Acetaminophen, also known as paracetamol or Tylenol, is a pain reliever drug use to treat mild-to-moderate pain and fever.
Acetaminophen can cause serious side effects or severely damage the liver when combined with alcohol. This can also be the case when people who drink alcohol regularly take this medication excessively.
Avoid drinking alcohol while taking acetaminophen
The liver is responsible for breaking down acetaminophen and alcohol. Researchers have established a linked both of these substances to liver damage.
However, the National Health Service (NHS)in the UK, asserts that it is usually safe to drink a small amount of alcohol while taking this pain reliever.
Though, when people take acetaminophen at high doses or together with alcohol, it can cause severe to minor side effects, with the possibility of fatal liver damage. This risk may be higher for people with alcohol use disorder (AUD).
According to the U.S. National Library of Medicine, taking acetaminophen can be dangerous for people who regularly drink alcohol. Manufacturers currently recommend that people who have more than 3 alcoholic drinks daily should consult their doctor before taking acetaminophen.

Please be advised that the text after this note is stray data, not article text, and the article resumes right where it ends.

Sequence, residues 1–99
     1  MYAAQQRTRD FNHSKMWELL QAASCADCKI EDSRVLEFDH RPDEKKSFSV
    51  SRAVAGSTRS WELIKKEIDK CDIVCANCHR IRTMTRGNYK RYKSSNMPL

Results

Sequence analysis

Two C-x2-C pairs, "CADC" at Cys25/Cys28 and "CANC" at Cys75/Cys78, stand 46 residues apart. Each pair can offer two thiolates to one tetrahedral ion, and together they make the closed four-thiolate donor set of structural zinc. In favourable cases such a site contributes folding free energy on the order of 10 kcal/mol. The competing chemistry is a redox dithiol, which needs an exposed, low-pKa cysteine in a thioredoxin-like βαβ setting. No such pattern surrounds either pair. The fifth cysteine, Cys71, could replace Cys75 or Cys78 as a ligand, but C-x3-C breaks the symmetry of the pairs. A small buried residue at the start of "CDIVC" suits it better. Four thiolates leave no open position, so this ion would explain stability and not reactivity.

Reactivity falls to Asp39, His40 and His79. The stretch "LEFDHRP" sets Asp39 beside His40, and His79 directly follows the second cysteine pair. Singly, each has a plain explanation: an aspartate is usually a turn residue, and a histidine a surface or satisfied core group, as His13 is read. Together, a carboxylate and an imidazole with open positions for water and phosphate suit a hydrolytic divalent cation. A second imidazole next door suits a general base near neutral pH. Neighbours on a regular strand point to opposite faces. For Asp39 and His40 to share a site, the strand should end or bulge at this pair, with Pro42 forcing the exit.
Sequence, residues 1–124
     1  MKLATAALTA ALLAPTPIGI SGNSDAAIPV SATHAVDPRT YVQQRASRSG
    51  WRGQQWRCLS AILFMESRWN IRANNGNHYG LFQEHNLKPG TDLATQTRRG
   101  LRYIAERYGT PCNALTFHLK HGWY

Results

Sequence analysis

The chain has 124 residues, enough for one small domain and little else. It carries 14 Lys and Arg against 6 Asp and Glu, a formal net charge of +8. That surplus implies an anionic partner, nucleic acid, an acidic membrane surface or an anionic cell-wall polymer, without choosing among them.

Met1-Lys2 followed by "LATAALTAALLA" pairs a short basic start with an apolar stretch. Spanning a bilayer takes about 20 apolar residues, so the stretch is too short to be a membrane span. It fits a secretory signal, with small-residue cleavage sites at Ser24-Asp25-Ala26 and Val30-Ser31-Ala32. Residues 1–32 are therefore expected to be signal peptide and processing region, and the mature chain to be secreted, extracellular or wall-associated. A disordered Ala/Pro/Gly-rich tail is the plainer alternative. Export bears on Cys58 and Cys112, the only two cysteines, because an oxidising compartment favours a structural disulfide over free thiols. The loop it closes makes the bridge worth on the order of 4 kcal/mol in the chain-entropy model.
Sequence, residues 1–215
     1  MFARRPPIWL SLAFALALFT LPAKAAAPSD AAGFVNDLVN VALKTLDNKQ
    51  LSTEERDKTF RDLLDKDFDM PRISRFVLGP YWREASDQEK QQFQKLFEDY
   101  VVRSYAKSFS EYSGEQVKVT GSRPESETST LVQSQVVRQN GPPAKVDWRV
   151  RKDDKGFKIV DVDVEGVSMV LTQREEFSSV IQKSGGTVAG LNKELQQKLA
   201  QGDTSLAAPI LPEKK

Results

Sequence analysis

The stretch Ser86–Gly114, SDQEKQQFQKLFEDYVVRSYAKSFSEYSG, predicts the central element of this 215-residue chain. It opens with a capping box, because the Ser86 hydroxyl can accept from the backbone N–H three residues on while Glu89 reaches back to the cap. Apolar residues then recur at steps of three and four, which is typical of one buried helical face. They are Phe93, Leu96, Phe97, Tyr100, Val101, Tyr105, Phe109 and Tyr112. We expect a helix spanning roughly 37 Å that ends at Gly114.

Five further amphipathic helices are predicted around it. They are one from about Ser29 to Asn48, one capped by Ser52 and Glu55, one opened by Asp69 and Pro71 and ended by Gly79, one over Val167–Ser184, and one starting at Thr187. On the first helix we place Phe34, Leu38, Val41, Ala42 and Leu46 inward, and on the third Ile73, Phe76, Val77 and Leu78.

Side effects of taking alcohol and acetaminophen together
Possible side effects of taking acetaminophen and alcohol together include:
Why is it dangerous?
Acetaminophen can cause toxic damage to the liver. The liver damage results from the way in which the body breaks down acetaminophen. When a person takes acetaminophen, liver enzymes break down most of the drug, which is then excreted either in the urine, through the kidneys, or the bile.
The digestion process turns around 5-10 percent of the acetaminophen into a toxin called NAPQI. The liver produces an antioxidant called glutathione, which it holds in limited supply, to remove this toxin.
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When the body receives more than the recommended dose of acetaminophen, the liver is overwhelmed with more NAPQI toxin than it can break down, which is why an overdose of acetaminophen is unsafe.
Also, there are toxins in alcohol that the liver must break down, so people combining it with acetaminophen have an increased risk of liver damage.
Reducing the risk of liver damage
Damage to the liver can mar its ability to carry out important functions. Not only does this organ filter out toxins from the blood, but it helps with blood clotting and plays a crucial role in food digestion.
Around half of all acetaminophen overdoses are unintended. They mainly occur when people take acetaminophen alongside certain opioid drugs in an attempt to relieve pain.
People can reduce their risk of liver damage by taking the following precautions:
- taking no more than the maximum daily dose of 3,000 mgof acetaminophen for adults
- checking other drugs to see if they contain acetaminophen
- taking acetaminophen for no more than 10 consecutive days for pain, or 3 days in succession for fever
- Avoid drinking alcoholic drinks while taking acetaminophen
- taking only one product containing acetaminophen at a time